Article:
Kanye West Makes Me Proud
The stammer heard round the world
Even if you weren't watching TV on Friday night, you've seen it by now (and go here if you haven't). The camera slowly pans in on Mike Myers and Kanye West, aqueous blue curtains and flatscreen images of flooded streets behind them. Myers in open-collar black shirt and herby center-parted butt-cut: "There is now 25 feet of water where there was once city streets and thriving neighborhoods." West, jaw set, wearing an ugly black-and-white rugby shirt with a giant logo, gives a quaverous "um" before saying what he needs to say, not entirely committed at first, sounding almost like he's reading it off the teleprompter, ending his statements with a sort of verbal question-mark uptick: "I hate the way they portray us in the media?" He gets increasingly heated and decreasingly articulate over the next couple of sentences, trying to get out whatever's in his head, thoughts and words firing in all directions, upset and crushed, sad that he has to go on TV and say this stuff when nobody else will: "Even for me to complain about, I would be a hypocrite because I've tried to turn away from the teach, um, TV because it's too hard to watch. I've even been shopping before even giving a donation, so now I'm calling my business manager right now to see what's, what is the biggest amount I can give." Quickly losing his composure: "With, with the setup, the way America's set up to help the, um, uh, the poor, the black people, the, um, the less well-off as slow as possible." Myers looks surprised but still nods solemnly, not entirely sure what he should be doing. West: "And they, they've given them permission to go down and shoot us." Myers, mouth open, looks at West, takes a deep breath, and continues reading off the teleprompter. While he talks, West stares into the camera, maybe thinking to himself: Will I say it? Fuck it, I'll say it. "George Bush doesn't care about black people." Myers, shocked, looks at West and then back to the camera. Cut to Chris Tucker standing in front of a fridge.
I was going to write something about Late Registration on this blog right around now, but I wasn't sure how to do it: maybe favorably compare it to David Banner's Certified (because they're both rapper-producers), maybe say how it reminds me of Jens Lekman's Oh You're So Silent Jens (because they're both familiar singer-songwriter stuff over gorgeously expert sample-based pocket-symphony sound manipulation). None of that really worked, though, because Late Registration is so huge and spectacular that it'll take me months, maybe years, to digest; every song is a cathedral of little sonic details, shards of information that reveal themselves differently depending on how you hear it. And yeah, I think Jon Brion has a lot to do with it, but Jon Brion didn't make this album. I talk a big game about Southern rap, about how much I love rap albums that just serve up banger after banger after banger, about how much I love Ludacris's Back For the First Time and Three 6 Mafia's Da Unbreakables, how I think these are masterful displays of pure hard craft. I don't think I'm wrong about this stuff, but albums like this leave me numb and bulldozed, like I've just been trampled by a herd of elephants made out of glass and mud and light. I like to be flattened like this, but they can't be compared to Late Registration, an album that slowly unfolds in front of you and dares you to do the work required to pull out every shard of meaning. Late Registration demands overreaction, and maybe that's what I just gave it.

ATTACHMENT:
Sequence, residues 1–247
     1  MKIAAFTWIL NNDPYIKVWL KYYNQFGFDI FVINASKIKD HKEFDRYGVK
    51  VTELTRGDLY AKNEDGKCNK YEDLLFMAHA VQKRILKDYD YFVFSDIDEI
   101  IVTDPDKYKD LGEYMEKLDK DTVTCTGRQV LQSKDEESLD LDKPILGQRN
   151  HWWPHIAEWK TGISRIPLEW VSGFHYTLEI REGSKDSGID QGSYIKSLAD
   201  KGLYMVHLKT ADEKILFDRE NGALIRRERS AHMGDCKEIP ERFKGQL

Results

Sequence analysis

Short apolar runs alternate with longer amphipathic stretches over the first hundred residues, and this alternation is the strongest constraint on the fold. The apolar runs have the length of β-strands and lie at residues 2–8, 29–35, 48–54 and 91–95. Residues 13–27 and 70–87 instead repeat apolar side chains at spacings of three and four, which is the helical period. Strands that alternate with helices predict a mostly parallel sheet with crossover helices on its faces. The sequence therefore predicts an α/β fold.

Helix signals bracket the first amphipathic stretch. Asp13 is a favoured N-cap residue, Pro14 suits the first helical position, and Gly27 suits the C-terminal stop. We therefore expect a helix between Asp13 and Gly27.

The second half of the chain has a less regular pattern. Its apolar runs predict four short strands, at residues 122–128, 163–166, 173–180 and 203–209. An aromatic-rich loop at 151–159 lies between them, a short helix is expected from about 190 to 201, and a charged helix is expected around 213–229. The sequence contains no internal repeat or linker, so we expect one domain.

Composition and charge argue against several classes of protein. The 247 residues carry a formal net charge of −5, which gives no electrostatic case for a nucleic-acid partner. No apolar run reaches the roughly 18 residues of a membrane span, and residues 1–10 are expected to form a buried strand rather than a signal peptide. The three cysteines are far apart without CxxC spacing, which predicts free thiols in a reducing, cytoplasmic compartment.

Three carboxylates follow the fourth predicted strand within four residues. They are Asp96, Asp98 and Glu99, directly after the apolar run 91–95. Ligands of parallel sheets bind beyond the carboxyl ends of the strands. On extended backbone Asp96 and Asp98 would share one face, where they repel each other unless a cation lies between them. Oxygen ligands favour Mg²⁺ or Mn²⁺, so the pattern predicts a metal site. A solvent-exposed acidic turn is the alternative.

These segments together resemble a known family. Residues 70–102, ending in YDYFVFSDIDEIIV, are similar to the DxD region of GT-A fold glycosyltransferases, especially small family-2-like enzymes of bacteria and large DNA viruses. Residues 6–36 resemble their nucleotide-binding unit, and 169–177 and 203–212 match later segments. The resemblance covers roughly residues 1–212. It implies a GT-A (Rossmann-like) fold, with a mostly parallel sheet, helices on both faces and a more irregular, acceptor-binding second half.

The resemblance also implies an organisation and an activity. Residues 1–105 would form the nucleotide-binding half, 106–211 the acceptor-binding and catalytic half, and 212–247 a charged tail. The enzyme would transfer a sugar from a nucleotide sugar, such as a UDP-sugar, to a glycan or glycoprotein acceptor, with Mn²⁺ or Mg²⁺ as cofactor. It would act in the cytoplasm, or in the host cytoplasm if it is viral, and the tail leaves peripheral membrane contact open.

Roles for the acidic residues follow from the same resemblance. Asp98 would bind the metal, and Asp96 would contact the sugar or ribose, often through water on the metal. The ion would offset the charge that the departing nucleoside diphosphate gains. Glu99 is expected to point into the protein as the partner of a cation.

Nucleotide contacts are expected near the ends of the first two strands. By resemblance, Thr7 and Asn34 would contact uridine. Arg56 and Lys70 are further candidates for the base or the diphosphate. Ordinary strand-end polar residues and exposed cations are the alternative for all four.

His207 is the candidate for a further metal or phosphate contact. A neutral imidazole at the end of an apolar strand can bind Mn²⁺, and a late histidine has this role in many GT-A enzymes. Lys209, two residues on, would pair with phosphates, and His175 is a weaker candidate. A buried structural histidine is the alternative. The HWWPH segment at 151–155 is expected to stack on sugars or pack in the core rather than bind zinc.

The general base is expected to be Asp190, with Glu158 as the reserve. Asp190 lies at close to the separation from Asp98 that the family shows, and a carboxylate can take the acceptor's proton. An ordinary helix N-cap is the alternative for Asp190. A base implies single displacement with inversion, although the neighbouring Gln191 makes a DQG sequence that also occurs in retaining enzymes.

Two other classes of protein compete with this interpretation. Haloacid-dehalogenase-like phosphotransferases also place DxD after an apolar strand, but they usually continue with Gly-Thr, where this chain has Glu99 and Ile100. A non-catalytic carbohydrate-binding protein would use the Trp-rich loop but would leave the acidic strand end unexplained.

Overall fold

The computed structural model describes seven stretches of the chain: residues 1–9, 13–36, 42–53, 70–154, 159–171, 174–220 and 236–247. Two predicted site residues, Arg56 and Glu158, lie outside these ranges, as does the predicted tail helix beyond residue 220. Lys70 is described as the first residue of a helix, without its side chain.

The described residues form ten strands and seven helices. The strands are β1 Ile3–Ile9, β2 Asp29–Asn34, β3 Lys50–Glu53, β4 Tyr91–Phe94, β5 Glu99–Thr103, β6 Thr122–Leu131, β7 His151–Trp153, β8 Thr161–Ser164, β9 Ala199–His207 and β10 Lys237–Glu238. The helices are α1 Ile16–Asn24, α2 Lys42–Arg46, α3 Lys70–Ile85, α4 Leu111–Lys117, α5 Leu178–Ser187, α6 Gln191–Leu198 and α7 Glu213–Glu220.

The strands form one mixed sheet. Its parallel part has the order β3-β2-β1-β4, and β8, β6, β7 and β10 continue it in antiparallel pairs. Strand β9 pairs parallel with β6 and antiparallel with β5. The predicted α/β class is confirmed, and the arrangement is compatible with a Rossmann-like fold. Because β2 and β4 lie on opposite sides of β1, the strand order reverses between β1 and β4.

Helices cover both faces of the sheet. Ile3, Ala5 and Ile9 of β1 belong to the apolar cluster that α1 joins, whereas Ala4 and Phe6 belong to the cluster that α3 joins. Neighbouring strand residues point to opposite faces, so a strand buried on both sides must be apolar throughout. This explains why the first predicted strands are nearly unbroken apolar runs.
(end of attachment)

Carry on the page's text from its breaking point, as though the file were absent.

When my first Kanye mixtape came in the mail from Hiphopsite more than two years ago, I loved him partly because he seemed like a real person, someone who couldn't believe he had the chance to put Mos Def and Freeway on the song, to get Jay on a Kweli remix and show everyone how much better Jay is than Kweli. He seemed driven and humble and awed by the music industry. When College Dropout dropped, I loved it and so did everyone else. But then Kanye started getting on my nerves, started talking shit about magazines for giving him great reviews instead of classic ones, telling everyone who would listen about his genius. College Dropout's flaws took on a sort of glow: the clumsy delivery, the unlistenable skits, the weak drums. In February, I was sure it'd be my rap album of the year, but by December it'd slipped down past The Pretty Toney Album and Showtime and Thug Matrimony: Married to the Streets and Straight Outta Ca$hville and Still Writin' in My Diary: 2nd Entry. And that was before the angel wings at the Grammys and the bullshit Common album.
I should've seen it coming, but it was still shocking when this guy I'd already written off put out an album with such force and grandeur. That force and grandeur only seems stronger and sharper now that he's become the guy who got on TV and said what a pretty huge number of us were thinking. West isn't Bush's most articulate or informed critic. He's certainly not the only guy who's saying what he's saying. His pledge to give some money seems pretty paltry after we've seen No Limit and Cash Money burying their longstanding beef to collaborate on a benefit tour, after David Banner has rounded up all of Southern rap's heavyweights for a huge benefit show in Atlanta. But he's still the guy who blurted out what he needed to say on TV as it was happening, who had the courage to call bullshit when everyone would've patted him on the back for just reading the teleprompter. People who love rap should be proud of Kanye West today.
Voice review: Robert Christgau on Kanye West's Late Registration
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